Advertisement

Home / Culture / Arts / Intricate movements at a grand musical offering

Intricate movements at a grand musical offering

An evening of fine Indian classical music
Pandit Tejendra Narayan Majumdar
Pandit Tejendra Narayan Majumdar
Sutanuti Parishad

Payel Sengupta   |   Published 28.02.20, 07:33 PM

The annual grand musical offering by Ramakrishna Mission Institute of Culture on the occasion of Swami Vivekananda’s birthday was amazing. The day-long festival commenced with a dhrupad by Uday Bhawalkar in Raga Lalit, setting the tone of the programme. His voice was enriched with the finest intricacies in the long alaap in three octaves followed by a dhamar along with Pratap Awadh on the pakhawaj, elevating the essence of the music.

Shubhankar Banerjee’s solo tabla recital in jhamptaal was a rhythmic treat given the ornamentation of the peshkar and the powerful tihais. He completed his cycle with teentaal, ably supported by Hiranmoy Mitra on the harmonium and Sarwar Hussain on the sarengi. The soulful session continued with a sitar recital by Partha Bose, with Swapan Chowdhury on the tabla. Bose’s Raga Jaunpuri ushered in a mood of enchantment with its pace and his Gaurd Sarang was arresting. The Kathak recital by Vishal Krishna along with Shubh Maharaj on the tabla had an attractive start with Shiva stuti followed by a teental. Krishna grabbed attention with his poise, expression, footwork and his exchange with the beats of the tabla.

Pandit Hariprasad Chaurasia — the cynosure of the festival — began with flourish with Raga Madhuwanti. The gats were charming, especially along with the vibrant accompaniment on the tabla by Shubhankar Banerjee. Chaurasia also played a kirtan and a pahadi dhun. The concluding session of the festival added a different flavour with Carnatic vocals by the Malladi brothers. The kritis of Thyagaraja, followed by a presentation of Raga Shankarabharanam created an exceptional mood. They were accompanied by Sadagopan on the violin and K.V. Prasad on the mridangam. The festival had its grand ending with the tabla and pakhawaj duet by Anindya Chattopadhyay and Ravishankar Upadhyay. Both artists showed great skill in laykari, speed and composition. The melodious sarengi of Farooque Latif Khan provided support.

Sutanuti Parishad’s annual festival to celebrate the repertoire of Indian classical music charmed music lovers, especially because of its praiseworthy initiative to showcase young talent in the age group of 9-13 years. The first part of the programme saw promising young performers such as Ananya Ghosh, who performed Raga Vasant. He had a good command over the key phrases of the raga and taans. The performance on the flute by Anirban Roy enchanted the audience by bringing out the quintessential intricacies of Raga Yog. Arijit Bandyopadhyay impressed the audience with his powerful pakhawaj rendition with well-structured bols and difficult rotations.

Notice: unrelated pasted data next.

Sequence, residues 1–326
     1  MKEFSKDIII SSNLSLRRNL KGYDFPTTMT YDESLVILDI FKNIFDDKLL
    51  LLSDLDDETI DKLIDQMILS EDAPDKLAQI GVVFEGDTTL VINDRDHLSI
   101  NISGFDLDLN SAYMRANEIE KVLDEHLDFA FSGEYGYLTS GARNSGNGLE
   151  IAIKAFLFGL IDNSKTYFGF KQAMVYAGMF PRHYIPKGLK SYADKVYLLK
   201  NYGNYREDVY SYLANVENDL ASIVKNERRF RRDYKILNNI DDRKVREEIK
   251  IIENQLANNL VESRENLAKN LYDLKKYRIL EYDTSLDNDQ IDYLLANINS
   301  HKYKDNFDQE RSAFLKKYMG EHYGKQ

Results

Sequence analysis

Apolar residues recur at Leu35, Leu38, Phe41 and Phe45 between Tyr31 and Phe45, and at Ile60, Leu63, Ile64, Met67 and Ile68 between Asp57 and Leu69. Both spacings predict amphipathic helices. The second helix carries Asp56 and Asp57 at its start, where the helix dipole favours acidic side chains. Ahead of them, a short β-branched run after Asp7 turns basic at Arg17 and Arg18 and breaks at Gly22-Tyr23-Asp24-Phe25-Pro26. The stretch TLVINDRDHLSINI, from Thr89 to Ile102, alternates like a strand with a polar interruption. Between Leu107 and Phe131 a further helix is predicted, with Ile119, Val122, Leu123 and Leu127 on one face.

The second part began with a dhrupad rendition by Uday Bhawalkar in Raga Puriya along with Pratap Awadh on the pakhawaj. Bhawalkar was skillful as usual in the alaap and its cycle. He was more evocative with the ascending pace from the lower octave to the upper. The composition was attractive as well. This was followed by Raga Desh; the length of the performance made it little linear. Tejendra Narayan Majumdar (picture, right) on the sarod stole the show with absorbing music, starting with an alaap in Hem Behag. The technique of the movements in the three octaves was melodious, innovative and touched the listeners with beautiful oscillations of the key notes. In the vilambit gat in Raga Pahadi Jhinjhoti, the unusual strokes and usage of meeds bore testimony to the excellence of the artist; this was followed by drut gats. Majumdar was accompanied by Tanmoy Bose on the tabla. The programme concluded perfectly with tuneful dhuns.



Advertisement
Advertisement
Advertisement
 
 
 
Copyright © 2020 The Telegraph. All rights reserved.